EDITORIAL: Anti-tax Crusaders Put Onus on Rest of Us
April 18, 2011 (Erie Times-News, Pa.) If you have to ante up to the Internal Revenue Service today, you probably aren't thrilled.
But according to a new poll by the Associated Press-GfK, 54 percent of Americans think their tax bills are somewhat fair or very fair, compared to 46 percent who say they are unfair.
No matter what your gut feeling is about being taxed, most of us will pay our taxes because it's the law and because we feel obligated to keep our nation in the business of providing vital services. Citizens don't agree on the scope of such services; recent letters to the editor have questioned spending on foreign aid, education, Planned Parenthood, and salaries and perks for elected officials, among other issues. Nevertheless, most of us recognize that government performs necessary functions. Witness a letter signed by U.S. Rep. Glenn Thompson, R-5th Dist., who favors federal subsidies for small airports in the Essential Air Service act. A fiscal conservative, Thompson represents constituents in north-central Pennsylvania, and rural areas say air service is vital to their economies. Federal dollars subsidize such service because airlines say they couldn't afford to serve these areas without the subsidy.
On the other hand, consider the curious case of Ebert Beeman, who represents the 6th District on Erie County Council. Beeman, a Republican, is embroiled in a dispute in which the IRS has accused him of failing to pay taxes. The IRS has gone to court to seize four parcels of property in Waterford to settle the government's claim that he owes $2.1 million in back taxes and penalties. The IRS says that Beeman failed to pay federal income taxes in 1994, 1996, 1997, 2002, 2003, 2004, 2005 and 2006.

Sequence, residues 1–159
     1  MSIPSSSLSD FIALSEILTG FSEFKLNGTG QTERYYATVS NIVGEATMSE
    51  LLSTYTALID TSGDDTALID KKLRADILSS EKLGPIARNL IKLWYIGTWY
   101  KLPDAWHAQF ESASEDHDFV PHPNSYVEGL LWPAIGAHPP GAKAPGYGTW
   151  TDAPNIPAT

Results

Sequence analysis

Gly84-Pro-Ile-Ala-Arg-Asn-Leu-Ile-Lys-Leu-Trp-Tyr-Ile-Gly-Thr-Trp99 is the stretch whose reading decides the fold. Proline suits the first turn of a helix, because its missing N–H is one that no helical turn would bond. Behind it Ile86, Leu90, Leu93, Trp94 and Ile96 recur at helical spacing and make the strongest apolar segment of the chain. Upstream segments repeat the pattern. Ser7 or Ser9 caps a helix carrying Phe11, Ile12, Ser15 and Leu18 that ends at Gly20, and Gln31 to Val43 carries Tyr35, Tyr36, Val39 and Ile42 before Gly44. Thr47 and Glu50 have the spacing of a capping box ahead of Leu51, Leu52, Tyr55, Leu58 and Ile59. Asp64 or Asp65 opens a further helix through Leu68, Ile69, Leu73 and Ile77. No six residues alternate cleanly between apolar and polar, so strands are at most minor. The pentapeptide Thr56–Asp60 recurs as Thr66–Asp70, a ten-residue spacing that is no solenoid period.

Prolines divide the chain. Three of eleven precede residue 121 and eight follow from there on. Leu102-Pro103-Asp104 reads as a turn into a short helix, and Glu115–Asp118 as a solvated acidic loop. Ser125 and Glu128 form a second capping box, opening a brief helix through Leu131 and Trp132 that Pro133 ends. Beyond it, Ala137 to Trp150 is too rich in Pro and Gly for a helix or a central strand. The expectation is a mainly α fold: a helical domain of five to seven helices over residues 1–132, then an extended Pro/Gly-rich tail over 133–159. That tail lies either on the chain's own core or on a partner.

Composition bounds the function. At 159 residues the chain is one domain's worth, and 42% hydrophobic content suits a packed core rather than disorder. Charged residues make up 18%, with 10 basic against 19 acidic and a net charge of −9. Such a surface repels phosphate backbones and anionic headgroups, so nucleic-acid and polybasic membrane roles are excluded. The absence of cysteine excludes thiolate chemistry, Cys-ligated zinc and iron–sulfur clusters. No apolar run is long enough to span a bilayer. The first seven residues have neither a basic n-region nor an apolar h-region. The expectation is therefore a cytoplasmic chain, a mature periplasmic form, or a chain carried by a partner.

Beeman, a retired welder from General Electric Co., says he fell behind on taxes when he made about $100,000 in day trading in the stock market and failed to file returns.
But Beeman is also known for his opposition to taxes and for his anti-government views. For instance, Beeman has been convicted six times for driving without a license. He objects to state rules requiring him to provide his Social Security number to obtain a license.
In court documents, Beeman calls U.S. Treasury Secretary Timothy Geithner the "alien custodian for Prize and Booty." The IRS says Beeman still hasn't provided any evidence to dispute the agency's back-taxes action. Instead, his legal arguments are all based on "tax-defier theories," according to IRS attorney Ari Kunofsky.
On March 8, the federal government charged Beeman with eight felony counts of Social Security fraud, claiming he used false names to obtain a Social Security number to use in applying for credit cards, a loan and jobs.
The outcome of Beeman's civil and criminal cases are still to be determined. But for those who file taxes and pay what's owed, it is galling to read about "tax-defier" tactics. When they don't pay up, we do, and that isn't fair.